It can come as no surprise that an analysis of the speeches and pronouncements of fundamentalist Islamic groups reveals an intense reliance on religious symbolism and a vocabulary rich in words like crusade, jihad, martyrdom, with an emphasis on the desecration of sacred sites. They also actively engage in murdering and expelling those (including Muslims) who do not share their theological take on Islam. The West is seen as Shaitan (the devil), the home of the godless (i.e. secularists) whose aim is to destroy Islam. There is no historical awareness; only theology and violence are offered as solutions. This emboldens our elites, who in turn demonise Islam, curtail social freedoms and appeal to fear when it comes to refugees.
Anti-colonialist movements in the so-called Third World do not act in this way and neither does the left in the First World.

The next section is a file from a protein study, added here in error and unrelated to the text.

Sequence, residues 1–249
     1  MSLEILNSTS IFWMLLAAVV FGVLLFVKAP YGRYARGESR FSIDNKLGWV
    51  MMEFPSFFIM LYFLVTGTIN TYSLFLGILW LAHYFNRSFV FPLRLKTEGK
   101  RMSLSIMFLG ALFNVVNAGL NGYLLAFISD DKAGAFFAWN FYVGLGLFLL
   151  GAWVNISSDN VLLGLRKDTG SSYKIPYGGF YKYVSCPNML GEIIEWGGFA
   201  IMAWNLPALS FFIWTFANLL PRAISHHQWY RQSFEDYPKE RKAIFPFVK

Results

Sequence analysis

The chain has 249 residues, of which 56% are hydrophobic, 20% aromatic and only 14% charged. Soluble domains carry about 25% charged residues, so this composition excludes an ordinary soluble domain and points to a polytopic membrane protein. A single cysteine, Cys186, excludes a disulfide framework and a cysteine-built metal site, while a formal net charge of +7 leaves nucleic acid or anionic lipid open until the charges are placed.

Leninists would consider the economic and social circumstances of the situation and the class implications, calling on all progressive elements in society (including Muslims) to join the struggle. They would link up the struggles with others around the world. …[They] would have joined the anti-war coalitions around the world including in the belly of the empire, would fight for the rights and give succour to the victims of the struggle and welcome refugees escaping the mayhem not only in Muslim Iraq and Afghanistan but also refugees from Lanka and West Papua. Lenin’s insights into the nature of imperialism, capitalism, democratic centralism and the rights of nations for self-determination are absent in the makeup of al-Qaeda.